Demanding Good Governance

Demanding Good Governance

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Accountability is the cornerstone of good governance. Unless public officials can be held to account, then critical benefits associated with good governance, such as social justice, poverty reduction and development remain elusive. The impacts of non-responsive and unaccountable governance are perhaps most harshly felt by the citizens of Africa, where corruption and governance failures are broadly acknowledged as a principal obstacle to the achievement Over the past decade, a range of social accountability practices-such as participatory budgeting, independent budget analysis, participatory monitoring of public expenditure and citizen evaluation of public services have been experimented with in many Africa countries. Their outcomes and lessons have, thus far, received little attend and documentation. This volume aims to make a contribution towards filling this gap by describing and analyzing a selection of social accountability initiatives from seven Sub-Saharan countries.

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Publié le 23 juin 2010
Nombre de visites sur la page 41
EAN13 9780821383834
Langue English
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Mary McNeil and Carmen Malena, Editors
Demanding Good
Governance
Lessons from Social
Accountability
Initiatives
in AfricaDEMANDING GOOD
GOVERNANCEDEMANDING GOOD
GOVERNANCE
Lessons
from Social
Accountability
Initiatives in
Africa
MARY MCNEIL
AND
CARMEN MALENA
Editors© 2010 The International Bank for Reconstruction and Development / The World Bank
1818 H Street NW
Washington DC 20433
Telephone: 202-473-1000
Internet: www.worldbank.org
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All rights reserved
1 2 3 4 13 12 11 10
This volume is a product of the staff of the International Bank for Reconstruction and Development / The
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ISBN: 978-0-8213-8380-3
eISBN: 978-0-8213-8383-4
DOI: 10.1596/978-0-8213-8380-3
Cover photo: Arne Hoel/World Bank.
Cover design: Drew Fasick.
Library of Congress Cataloging-in-Publication Data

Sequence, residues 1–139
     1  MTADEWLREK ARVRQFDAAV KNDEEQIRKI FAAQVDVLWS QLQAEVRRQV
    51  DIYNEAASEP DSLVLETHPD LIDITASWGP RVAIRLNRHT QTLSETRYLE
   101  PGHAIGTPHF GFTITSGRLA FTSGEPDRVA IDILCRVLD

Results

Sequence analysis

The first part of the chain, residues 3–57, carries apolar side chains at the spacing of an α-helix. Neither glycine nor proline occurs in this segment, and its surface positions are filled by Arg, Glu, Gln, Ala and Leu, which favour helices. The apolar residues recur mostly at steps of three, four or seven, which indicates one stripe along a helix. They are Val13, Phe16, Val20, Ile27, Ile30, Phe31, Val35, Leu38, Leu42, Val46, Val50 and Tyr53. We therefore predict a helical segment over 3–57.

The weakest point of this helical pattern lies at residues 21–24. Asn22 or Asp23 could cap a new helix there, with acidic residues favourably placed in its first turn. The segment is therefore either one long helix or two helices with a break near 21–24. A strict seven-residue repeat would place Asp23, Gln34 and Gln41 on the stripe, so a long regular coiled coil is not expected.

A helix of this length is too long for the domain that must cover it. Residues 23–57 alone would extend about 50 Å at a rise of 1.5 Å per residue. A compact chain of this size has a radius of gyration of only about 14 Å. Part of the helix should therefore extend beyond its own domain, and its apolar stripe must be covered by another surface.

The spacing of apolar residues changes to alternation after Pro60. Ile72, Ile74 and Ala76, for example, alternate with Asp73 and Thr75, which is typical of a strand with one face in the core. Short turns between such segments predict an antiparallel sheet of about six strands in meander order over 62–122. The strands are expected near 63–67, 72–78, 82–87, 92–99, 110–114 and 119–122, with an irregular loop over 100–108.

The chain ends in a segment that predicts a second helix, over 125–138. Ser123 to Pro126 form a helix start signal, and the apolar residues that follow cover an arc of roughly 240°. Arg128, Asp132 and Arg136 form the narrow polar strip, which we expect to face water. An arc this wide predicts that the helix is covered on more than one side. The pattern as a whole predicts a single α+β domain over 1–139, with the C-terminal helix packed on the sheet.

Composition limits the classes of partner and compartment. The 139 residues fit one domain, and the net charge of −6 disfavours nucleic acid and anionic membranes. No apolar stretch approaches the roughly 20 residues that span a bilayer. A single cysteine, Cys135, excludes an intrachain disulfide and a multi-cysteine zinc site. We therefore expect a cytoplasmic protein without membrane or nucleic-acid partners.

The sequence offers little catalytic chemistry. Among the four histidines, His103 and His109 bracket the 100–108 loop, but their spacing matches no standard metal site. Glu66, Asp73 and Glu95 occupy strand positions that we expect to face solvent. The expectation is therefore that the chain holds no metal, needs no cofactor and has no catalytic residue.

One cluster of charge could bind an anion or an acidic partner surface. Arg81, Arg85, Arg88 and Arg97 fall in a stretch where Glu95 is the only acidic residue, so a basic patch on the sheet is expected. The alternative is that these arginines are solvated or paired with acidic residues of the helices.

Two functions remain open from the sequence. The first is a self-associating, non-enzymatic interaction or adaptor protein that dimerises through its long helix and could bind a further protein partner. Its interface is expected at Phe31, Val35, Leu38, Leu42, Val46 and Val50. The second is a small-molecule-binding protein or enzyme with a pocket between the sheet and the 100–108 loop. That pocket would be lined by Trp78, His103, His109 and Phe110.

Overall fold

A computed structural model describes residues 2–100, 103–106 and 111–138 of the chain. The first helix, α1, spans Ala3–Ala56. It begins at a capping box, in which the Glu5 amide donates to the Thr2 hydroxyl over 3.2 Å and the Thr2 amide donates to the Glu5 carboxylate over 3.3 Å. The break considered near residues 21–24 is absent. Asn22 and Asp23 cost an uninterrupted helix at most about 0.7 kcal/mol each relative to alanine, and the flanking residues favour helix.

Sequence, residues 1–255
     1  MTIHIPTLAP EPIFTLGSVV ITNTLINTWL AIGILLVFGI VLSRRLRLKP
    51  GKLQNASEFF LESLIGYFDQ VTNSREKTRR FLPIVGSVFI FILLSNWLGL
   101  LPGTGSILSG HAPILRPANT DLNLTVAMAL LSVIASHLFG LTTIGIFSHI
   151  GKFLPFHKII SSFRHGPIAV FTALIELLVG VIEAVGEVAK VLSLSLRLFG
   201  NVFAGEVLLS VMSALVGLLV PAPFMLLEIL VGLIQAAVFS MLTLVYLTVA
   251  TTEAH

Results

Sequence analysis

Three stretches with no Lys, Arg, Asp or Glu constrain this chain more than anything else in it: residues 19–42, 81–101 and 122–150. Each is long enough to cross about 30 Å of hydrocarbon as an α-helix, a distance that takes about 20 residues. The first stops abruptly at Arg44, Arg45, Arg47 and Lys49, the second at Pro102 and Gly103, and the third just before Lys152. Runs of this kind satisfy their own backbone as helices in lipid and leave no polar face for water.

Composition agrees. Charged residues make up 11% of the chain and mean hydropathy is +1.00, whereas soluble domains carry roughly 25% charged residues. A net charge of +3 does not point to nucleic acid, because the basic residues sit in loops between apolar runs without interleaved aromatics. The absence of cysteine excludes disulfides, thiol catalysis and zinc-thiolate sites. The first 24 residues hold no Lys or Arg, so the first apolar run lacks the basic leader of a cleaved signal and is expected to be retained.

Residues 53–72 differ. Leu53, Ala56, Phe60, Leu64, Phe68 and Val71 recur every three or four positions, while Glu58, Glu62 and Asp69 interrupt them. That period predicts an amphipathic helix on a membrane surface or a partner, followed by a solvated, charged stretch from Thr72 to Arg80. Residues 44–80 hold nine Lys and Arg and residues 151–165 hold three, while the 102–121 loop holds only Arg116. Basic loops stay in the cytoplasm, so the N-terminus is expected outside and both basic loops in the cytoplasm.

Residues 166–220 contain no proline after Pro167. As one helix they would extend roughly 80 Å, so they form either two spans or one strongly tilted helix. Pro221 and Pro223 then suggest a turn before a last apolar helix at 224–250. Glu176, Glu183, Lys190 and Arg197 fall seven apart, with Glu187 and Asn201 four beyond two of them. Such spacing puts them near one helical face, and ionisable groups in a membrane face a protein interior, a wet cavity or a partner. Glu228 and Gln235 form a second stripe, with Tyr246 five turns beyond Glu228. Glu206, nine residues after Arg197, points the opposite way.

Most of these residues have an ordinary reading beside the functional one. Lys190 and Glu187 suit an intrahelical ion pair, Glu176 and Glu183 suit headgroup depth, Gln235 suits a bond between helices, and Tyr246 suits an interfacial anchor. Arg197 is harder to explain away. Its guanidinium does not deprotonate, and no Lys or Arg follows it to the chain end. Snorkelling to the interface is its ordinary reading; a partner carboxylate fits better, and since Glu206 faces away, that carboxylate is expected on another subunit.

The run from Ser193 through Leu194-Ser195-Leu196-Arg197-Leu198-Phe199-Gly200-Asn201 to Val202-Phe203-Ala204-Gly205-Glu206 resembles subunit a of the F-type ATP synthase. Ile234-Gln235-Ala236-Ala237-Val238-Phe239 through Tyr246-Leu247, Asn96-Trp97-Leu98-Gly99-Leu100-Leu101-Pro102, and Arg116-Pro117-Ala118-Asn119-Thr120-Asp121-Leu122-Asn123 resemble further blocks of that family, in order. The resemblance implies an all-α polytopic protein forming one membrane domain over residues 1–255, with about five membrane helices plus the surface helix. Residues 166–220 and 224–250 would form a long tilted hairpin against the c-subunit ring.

Demanding good governance : lessons from social accountability initiatives in Africa / edited by Mary
McNeil and Carmen Malena.
p. cm.
Includes bibliographical references and index.
ISBN 978-0-8213-8380-3 — ISBN 978-0-8213-8383-4 (electronic)
1. Social accounting—Africa—Case studies. I. McNeil, Mary, 1956- II. Malena, Carmen. III.
World Bank.
HN774.D46 2010
320.6096—dc22
2010008390To
George Washington MatovuCONTENTS
Foreword xi
Acknowledgments xiii
About the Editors xv
About the Contributors xvii
Abbreviations xxiii
Map: Social Accountability Initiatives from Seven
Selected Countries xxvi
1 Social Accountability in Africa: An Introduction 1
Carmen Malena and Mary McNeil
2 Participatory Budgeting in Fissel, Senegal 29
Bara Guèye
3 Civic Participation in Policy and Budgetary Processes in
Ilala Municipal Council, Tanzania 53
Renatus Kihongo and John Lubuva
4 Tracking the Ghana District Assemblies Common Fund 71
Charles Abbey, Vitus A. Azeem, and Cuthbert Baba Kuupiel
viiviii CONTENTS
5 Enhancing Civil Society Capacity for Advocacy
and Monitoring: Malawi’s Poverty Reduction
Strategy Budget 89
Dalitso Kingsley Kubalasa and Limbani Bartholomew Elia Nsapato
6 Gender-Sensitive and Child-Friendly Budgeting
in Zimbabwe 109
Bob Libert Muchabaiwa
7 The Nigeria Extractive Industries Transparency
Initiative and Publish What You Pay Nigeria 137
Dauda S. Garuba and John G. Ikubaje
8 Citizen Control of Public Action: The Social
Watch Network in Benin 163
Cyrille Chabi Eteka and Anne Floquet
9 Social Accountability in Africa: An Analysis 185
Mary McNeil and Carmen Malena
Index 223
BOXES
1.1 Civil Society Organization Conducts Education
Expenditure Tracking Surveys in Malawi 10
1.2 Citizen Report Card “Roadshows” in Kenya 11
1.3 Bogotá Cómo Vamos: Citizen Evaluation of Public
Services in Colombia 21
6.1 Children’s Participation in Budgeting
Processes 124
FIGURES
1.1 Key Benefits of Social Accountability 12
2.1 The Participatory Budgeting Implementation
Process in Fissel, Senegal 34
2.2 Criteria for Citizen and Council Participation in
Participatory Budgeting 38
TABLES
1.1 Social Accountability Practices in the Seven
Case Studies 8
1.A.1 Case Study Characteristics 23